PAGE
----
• Alternately by both parents who divide the 41 or 43 weeks between them

Parental leave is also granted to adoptive parents (after exhausting the maternity leave) up to:

  • 32 weeks if one child is adopted
  • 34 weeks if multiple children are adopted
  • 29 weeks if adopting a child older than six but younger than seven years old

For the first six weeks, the leave is 100% of the employee's salary (eight weeks in case of multiple children and three weeks if adopting an older child). The remaining time is paid at 60%. Social Security covers the leave.

If the employee submits a written request for parental leave no later than 21 days after delivery, the pay is 80% of the employee's salary for the whole period, paid by Social Security.

Employees can take parental leave as one continuous period or several periods (not more than four). Each period should not be shorter than eight weeks. They can use up parental leave until the end of the calendar year in which the child turns six.

Employees can return to work part-time (no more than half time) during their parental leave if they give at least 21 days' notice. Employers have the right to reject an employee's request for part-time work for operational reasons.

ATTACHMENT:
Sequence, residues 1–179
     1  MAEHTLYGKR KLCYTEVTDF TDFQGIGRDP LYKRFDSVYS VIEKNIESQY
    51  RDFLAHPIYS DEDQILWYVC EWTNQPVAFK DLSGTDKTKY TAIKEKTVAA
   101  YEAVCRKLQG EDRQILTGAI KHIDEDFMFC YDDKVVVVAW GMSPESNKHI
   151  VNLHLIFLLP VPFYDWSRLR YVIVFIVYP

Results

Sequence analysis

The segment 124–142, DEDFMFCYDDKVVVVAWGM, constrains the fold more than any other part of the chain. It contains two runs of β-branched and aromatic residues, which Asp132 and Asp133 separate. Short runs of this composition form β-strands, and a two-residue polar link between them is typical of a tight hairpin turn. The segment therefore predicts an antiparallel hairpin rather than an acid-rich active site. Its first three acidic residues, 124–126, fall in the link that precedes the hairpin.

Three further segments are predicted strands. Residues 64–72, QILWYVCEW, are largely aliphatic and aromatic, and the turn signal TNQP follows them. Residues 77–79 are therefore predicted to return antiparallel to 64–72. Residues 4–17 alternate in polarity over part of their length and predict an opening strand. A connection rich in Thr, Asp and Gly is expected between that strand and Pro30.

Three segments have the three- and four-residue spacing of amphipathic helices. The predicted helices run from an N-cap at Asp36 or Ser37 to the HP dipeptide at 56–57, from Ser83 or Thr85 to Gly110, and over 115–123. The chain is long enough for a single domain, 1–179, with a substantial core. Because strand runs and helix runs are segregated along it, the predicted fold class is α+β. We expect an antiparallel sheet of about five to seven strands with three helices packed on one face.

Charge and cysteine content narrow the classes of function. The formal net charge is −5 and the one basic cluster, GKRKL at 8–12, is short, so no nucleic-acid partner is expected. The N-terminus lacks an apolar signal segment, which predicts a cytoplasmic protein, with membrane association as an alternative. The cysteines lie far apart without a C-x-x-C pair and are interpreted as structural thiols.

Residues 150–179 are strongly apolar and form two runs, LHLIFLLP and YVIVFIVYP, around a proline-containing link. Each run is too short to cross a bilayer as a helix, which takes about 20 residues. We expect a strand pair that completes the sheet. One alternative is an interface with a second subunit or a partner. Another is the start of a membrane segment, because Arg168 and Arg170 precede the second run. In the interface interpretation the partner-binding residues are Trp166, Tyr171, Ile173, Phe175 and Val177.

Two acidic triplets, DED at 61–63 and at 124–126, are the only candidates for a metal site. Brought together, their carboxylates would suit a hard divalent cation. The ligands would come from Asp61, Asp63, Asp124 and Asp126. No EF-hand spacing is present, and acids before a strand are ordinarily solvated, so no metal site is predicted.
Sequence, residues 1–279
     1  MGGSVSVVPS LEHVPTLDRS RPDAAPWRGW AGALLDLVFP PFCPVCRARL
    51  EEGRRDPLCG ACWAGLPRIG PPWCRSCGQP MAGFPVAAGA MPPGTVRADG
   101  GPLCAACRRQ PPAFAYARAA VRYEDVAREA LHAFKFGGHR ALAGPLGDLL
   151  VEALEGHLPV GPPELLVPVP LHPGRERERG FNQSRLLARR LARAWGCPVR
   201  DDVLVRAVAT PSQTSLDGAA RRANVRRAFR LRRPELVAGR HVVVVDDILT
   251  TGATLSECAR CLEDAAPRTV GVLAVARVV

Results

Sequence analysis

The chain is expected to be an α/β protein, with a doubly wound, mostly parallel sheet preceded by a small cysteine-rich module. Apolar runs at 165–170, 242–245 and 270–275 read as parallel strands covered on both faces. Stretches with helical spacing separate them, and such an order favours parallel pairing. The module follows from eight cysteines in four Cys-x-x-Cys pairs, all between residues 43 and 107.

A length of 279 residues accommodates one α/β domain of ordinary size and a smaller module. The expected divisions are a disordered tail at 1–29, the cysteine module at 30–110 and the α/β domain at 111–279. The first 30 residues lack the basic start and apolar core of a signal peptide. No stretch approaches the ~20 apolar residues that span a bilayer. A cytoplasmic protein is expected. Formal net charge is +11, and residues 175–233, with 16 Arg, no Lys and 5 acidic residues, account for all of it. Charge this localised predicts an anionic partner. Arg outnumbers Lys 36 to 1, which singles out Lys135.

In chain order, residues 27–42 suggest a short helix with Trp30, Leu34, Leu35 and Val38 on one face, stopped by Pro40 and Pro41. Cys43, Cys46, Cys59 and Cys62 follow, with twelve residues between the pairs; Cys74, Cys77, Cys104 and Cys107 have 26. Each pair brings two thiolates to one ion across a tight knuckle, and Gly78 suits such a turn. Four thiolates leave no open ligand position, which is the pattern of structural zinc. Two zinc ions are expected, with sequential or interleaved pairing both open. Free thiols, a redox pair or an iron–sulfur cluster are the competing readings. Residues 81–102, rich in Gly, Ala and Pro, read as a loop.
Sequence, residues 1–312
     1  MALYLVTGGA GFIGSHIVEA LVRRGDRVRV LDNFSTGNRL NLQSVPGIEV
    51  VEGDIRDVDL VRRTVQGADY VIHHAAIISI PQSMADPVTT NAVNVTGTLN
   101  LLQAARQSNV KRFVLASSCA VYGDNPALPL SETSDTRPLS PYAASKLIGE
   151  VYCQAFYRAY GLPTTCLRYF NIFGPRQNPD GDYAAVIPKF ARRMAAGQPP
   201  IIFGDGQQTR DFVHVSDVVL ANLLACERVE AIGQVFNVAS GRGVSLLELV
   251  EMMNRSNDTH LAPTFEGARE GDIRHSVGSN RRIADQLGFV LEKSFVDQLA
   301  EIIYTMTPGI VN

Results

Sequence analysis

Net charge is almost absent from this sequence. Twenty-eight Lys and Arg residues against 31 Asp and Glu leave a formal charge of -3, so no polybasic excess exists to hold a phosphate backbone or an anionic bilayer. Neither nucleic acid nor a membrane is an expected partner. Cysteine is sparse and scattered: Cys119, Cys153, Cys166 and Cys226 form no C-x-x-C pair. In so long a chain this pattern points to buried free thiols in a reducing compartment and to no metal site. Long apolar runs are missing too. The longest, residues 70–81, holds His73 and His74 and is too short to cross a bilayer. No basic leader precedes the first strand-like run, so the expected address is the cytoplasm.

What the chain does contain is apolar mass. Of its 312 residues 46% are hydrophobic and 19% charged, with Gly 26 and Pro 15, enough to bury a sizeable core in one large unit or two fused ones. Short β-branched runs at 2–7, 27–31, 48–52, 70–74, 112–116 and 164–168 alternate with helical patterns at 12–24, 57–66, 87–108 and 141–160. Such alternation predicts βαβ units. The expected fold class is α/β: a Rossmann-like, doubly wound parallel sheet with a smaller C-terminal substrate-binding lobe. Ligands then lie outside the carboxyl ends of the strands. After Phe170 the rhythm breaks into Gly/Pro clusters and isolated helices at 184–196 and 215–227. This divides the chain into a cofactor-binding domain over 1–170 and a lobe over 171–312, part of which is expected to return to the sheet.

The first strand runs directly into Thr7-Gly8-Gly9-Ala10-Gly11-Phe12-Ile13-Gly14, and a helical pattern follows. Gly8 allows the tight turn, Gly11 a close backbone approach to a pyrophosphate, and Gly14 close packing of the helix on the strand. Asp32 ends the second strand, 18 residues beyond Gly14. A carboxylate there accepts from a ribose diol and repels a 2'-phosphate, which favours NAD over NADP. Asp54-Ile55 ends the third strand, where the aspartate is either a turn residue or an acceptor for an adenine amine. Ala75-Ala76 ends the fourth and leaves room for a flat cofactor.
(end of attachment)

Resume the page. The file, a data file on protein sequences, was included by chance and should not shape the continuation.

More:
Disabled child

Parents of disabled children (with a significant degree of disability or a disability certificate and who require permanent or long-term care) can take up to 30 days' leave per year in case of their child's illness. They can further request flexible work arrangements (telework, work intermittent hours, work flexible hours, or work an individual work schedule).

Childcare leave

An employee raising at least one child aged up to 14 years is entitled to two paid days off a year, covered in full by the employer.

Additionally, employees who have worked for at least six months are entitled to a further three years unpaid childcare leave until the child is five years old (18 years old if the child is disabled).